Autumn’s cusp

And all at once, summer collapsed into fall.”Oscar Wilde

I had no time to post last month before leaving for the last of summer, holidaying in Cornwall. Always we gardeners fret about our plants when absent but I need not have worried for there were so few sunny days that the plants only needed one watering (though potted plants are obviously thirstier than most).

Nerines in a Cornish garden

And just at the equinox, Autumn’s cooler damp days swept in and there seems to be hardly a dry day since, as these images show.

The Peacock Orchid (Gladiolus murielae) is on its last bloom and some of the plants came up blind so I should pull these out.

Another disappointment has been the Balloon vine (Cardiospermum halicacabum) – clambering nicely with lots of tiny white flowers but no sign of any seed setting. I’m wondering why or am I being impatient?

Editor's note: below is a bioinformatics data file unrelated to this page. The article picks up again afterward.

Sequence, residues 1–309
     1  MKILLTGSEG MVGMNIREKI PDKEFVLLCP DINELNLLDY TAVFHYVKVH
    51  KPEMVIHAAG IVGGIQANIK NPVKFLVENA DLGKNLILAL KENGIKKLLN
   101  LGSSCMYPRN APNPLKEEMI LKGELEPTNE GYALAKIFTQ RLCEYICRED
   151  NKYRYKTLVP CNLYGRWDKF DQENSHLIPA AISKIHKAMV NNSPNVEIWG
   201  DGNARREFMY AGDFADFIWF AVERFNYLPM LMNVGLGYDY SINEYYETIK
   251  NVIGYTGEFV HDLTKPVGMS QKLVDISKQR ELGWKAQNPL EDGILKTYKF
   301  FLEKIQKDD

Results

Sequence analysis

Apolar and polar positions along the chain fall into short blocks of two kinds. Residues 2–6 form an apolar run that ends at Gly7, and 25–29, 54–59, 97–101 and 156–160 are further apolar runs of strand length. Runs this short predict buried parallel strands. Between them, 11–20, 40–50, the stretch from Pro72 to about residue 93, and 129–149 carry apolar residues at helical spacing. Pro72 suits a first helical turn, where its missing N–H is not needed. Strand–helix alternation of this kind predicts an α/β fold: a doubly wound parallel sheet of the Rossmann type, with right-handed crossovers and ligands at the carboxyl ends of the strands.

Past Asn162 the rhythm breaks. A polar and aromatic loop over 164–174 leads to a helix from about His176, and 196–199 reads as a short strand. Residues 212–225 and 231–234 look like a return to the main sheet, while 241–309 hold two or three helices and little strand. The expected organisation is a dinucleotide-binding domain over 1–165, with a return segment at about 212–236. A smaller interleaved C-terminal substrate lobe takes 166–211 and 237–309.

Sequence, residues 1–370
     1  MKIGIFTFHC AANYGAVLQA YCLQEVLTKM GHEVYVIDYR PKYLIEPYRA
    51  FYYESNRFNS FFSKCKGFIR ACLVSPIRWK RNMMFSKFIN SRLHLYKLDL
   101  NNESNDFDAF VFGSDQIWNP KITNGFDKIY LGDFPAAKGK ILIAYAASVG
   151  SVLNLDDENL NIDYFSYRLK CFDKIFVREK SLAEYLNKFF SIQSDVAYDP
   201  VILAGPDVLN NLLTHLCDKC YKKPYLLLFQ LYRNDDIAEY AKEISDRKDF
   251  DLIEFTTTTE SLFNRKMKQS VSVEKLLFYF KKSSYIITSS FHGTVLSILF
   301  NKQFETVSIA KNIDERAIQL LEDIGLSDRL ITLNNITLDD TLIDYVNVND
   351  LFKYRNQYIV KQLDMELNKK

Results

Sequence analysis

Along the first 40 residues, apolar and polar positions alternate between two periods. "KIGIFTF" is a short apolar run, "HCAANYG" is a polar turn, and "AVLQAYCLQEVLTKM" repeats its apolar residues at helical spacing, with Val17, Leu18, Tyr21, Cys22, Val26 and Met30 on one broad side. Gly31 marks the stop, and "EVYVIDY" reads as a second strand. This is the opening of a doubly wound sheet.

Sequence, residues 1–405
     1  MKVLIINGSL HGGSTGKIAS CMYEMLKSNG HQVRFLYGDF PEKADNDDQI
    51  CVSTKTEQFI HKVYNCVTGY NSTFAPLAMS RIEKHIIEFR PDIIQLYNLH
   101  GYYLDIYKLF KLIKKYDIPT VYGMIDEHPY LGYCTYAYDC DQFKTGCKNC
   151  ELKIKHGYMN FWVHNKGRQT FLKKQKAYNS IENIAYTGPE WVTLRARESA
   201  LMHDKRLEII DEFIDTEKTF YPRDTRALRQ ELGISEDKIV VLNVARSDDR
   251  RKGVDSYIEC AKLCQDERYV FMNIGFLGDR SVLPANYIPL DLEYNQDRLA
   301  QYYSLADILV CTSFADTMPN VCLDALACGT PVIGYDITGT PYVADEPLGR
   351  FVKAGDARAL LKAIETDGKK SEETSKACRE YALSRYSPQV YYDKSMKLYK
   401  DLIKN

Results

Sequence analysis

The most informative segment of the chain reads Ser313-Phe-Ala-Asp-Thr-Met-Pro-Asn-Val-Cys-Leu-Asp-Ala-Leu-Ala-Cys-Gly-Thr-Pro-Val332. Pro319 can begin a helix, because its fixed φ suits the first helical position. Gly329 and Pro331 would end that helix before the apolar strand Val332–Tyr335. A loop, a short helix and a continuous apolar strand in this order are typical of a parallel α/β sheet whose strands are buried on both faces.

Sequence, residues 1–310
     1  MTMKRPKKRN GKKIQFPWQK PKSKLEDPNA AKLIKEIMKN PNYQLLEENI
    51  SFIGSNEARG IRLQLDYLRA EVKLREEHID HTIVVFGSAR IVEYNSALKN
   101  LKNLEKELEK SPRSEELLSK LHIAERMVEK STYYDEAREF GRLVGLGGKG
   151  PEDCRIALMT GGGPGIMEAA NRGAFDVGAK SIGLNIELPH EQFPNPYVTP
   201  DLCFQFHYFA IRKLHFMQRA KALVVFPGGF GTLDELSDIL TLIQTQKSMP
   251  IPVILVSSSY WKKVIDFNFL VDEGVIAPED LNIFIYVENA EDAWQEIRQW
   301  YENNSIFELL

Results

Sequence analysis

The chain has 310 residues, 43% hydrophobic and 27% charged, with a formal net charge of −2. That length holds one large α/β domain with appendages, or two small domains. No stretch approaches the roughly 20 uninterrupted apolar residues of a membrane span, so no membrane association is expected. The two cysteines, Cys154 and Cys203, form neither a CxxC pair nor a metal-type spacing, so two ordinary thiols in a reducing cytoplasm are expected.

The more diminutive fuchsias like Tom Thumb are resplendent with bloom still and in the Salvia corner, the later blue and purple ones (S. amistad; S. farinacea) are mixing with the summer reds and whites of ‘Hot lips’ and ‘Royal bumble’. I miss ‘S. Phyliis Fancy’ though which did not make it through the winter this far North

This time of year reflects both permanence and change and it shows in the selection of foliage which is the first rule of planting whilst the backbone of a garden is its winter plants including evergreens like the Sarcococcas which will smell sweet by the back door if I venture out in the cold!

Featuring in the garden now:

3 thoughts on “Autumn’s cusp

  1. Wow so colourful still! In our garden the dahlias are the remaining stars right now, everything else apart from the quite persistent Gaillardia is done.

    1. I’ve been impressed with the variety of dahlias you have – do you dig them up and store over winter? Have never grown Gaillardia but might give them a go next year

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